LIREC (LIving with Robots and intEractive Companions) is a FP7 Integrated European project. Principal Investigator of the UH team is Prof. Kerstin Dautenhahn. Research staff include Dr. Kheng Lee Koay, Dr. Michael L. Walters, Dr. Wan Ching Ho, Dr. Mohammadreza Asghari Oskoei, Dag S. Syrdal and PhD students Kyron Du Casse and Fotios Papadopoulos. The project goal is to develop “user-friendly” companion technology, and the UH research team focuses on the development of robotics technology that can assist people in their home environment. For this reason we must carry out the research in a “real home” since laboratory conditions are often too “artificial”. We use the “Robot House” for our studies – an environment for autonomous companion robots enhanced by a sensor network (PhD research of Patrick Neuberger). We study three scenarios: physical assistance, cognitive prosthetic and social mediator. The latter includes human-robot remote communication in a patient-therapist setting, PhD research by Mike Bowler supervised by Dr. Farshid Amirabdollahian. 




ROBOSKIN (Skin-Based Technologies and Capabilities for Safe, Autonomous and Interactive Robots) is a FP7 STREP European project. Principal Investigator of the UH team is Prof. Kerstin Dautenhahn, other academics involved at UH are Dr. Farshid Amirabdollahian and Dr. Daniel Polani. Research staff include Dr. Ben Robins and Dr. Ze Ji. The UH research team investigates how the KASPAR humanoid robot (previously developed at UH), equipped with skin patches that detect touch, can contribute to robot assisted therapy for children with autism. We also develop algorithms for the detection of different types of touch with the long-term goal to be able to teach children with autism about socially “appropriate” tactile interaction with a robot and ultimately with people. 



Motor Interference and Motor Coordination in Human-Human Interaction


PhD student Qiming Shen has been investigating if and how people react to the behaviour of a humanoid robot which is performing either congruent or incongruent behaviour. In one experiment, motor coordination was measured using an information-distance method. In addition to the humanoid KASPAR robot ( a moving dot and a pendulum were presented as other stimuli. Results showed that people responded overall more to a robot when we triggered the belief that the robot was a “social entity”. The results suggests that in addition to bottom-up effects where robot’s appearance and behaviour influence people’s behaviour in human-robot interaction, this effect is modulated by a top-down effect of people’s beliefs of the robot in terms of social presence. The results have been published in IEEE TAMD. This work has been supervised by Prof. Kerstin Dautenhahn (Principal Supervisor) as well as Dr. Hatice Kose-Bagci and Dr. Joe Saunders.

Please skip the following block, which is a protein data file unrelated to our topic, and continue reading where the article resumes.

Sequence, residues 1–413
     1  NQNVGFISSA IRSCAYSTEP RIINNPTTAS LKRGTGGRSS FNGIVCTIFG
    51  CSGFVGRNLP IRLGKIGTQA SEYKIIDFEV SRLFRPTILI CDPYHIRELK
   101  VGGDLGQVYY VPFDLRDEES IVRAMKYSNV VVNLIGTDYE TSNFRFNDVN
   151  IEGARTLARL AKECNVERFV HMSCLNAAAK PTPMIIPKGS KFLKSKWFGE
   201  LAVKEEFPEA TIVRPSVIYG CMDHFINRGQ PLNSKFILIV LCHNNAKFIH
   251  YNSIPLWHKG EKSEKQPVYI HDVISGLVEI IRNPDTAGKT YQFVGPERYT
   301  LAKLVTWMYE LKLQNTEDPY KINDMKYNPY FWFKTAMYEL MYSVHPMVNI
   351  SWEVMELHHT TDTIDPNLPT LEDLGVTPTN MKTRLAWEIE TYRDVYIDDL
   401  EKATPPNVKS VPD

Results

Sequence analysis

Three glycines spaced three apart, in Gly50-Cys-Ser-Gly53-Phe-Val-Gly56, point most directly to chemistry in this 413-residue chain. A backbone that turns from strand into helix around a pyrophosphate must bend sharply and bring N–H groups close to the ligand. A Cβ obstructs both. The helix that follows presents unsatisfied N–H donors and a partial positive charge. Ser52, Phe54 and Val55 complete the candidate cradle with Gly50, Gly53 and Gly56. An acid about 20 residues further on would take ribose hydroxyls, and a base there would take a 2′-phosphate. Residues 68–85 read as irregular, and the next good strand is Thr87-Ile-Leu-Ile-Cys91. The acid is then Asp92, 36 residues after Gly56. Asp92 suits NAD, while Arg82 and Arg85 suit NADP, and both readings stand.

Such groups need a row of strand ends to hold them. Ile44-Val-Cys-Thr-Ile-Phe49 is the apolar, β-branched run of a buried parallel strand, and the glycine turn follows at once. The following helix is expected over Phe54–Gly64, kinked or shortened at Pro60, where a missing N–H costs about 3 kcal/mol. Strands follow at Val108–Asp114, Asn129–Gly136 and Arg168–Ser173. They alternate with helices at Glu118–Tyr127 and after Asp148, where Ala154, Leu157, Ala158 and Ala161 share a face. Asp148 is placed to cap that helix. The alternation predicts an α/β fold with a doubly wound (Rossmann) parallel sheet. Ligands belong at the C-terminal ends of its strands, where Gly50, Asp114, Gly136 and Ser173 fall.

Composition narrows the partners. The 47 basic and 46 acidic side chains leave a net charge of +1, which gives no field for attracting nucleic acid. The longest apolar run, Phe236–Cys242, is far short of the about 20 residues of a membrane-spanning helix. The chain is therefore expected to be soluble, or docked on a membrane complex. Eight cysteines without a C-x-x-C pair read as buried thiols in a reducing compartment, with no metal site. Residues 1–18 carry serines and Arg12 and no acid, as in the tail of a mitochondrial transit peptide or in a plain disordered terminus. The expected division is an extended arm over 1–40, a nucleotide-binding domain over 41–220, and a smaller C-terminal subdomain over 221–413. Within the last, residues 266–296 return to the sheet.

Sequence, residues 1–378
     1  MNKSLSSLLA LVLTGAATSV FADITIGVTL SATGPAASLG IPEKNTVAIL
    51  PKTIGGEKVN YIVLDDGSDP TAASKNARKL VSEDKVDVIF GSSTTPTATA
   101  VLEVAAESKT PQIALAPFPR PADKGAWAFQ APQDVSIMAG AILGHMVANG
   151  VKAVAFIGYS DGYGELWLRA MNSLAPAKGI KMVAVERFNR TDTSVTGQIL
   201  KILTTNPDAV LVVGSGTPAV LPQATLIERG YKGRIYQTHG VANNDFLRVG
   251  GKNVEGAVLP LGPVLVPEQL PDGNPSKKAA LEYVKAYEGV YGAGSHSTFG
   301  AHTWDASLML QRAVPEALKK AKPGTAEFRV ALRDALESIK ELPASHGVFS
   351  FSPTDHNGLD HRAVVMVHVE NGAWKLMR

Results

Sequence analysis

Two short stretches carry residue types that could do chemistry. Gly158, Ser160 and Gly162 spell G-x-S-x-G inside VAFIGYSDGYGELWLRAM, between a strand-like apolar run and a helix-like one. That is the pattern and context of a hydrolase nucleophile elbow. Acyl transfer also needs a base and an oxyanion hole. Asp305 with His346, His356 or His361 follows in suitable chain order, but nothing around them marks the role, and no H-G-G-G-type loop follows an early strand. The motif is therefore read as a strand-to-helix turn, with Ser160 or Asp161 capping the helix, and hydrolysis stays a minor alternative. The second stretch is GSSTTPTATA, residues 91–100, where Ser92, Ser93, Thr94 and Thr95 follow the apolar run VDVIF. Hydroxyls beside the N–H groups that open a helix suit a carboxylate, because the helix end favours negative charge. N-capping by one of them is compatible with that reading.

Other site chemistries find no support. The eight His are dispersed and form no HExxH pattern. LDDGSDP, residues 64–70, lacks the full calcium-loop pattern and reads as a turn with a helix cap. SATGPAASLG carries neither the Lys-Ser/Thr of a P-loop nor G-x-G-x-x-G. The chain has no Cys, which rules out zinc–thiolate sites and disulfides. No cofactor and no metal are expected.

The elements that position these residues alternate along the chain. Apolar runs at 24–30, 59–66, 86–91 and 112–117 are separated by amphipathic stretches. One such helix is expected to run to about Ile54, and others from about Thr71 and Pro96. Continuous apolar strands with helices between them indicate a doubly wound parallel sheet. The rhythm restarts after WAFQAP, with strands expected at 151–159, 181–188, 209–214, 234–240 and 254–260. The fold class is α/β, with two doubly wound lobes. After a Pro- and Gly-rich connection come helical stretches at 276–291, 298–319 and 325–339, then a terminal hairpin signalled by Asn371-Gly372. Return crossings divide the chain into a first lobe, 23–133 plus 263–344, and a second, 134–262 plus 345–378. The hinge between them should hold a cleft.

The IROMEC project (Interactive Robotic Social Mediators as Companions), an FP6 STREP European project, developed the IROMEC robot – a robot that is meant to help children who cannot play. Play is an important vehicle for learning, development and social relationships, and so the robot was deliberated designed to be playful. Our target user groups included children with cognitive, physical and developmental impairments. The UH team focussed on the user group of children with autism. Principal Investigator of the UH team was Prof. Kerstin Dautenhahn, the research team also included Dr. Ben Robins and Ester Ferrari. Links to youtube videos produced by the UNISI partner in Italy:


ITALK - Integration and Transfer of Action and Language Knowledge in Robots


ITALK is a 4 year project (2008–2012) funded by the European Commission.

The project aims to develop artificial embodied agents able to acquire complex behavioural, cognitive, and linguistic skills through individual and social learning. This will be achieved through experiments with the iCub humanoid robot learning to handle and manipulate objects and tools autonomously, to cooperate and communicate with other robots and humans, and to adapt to changing internal, environmental, and social conditions.


2012 © Adaptive Systems Research Group

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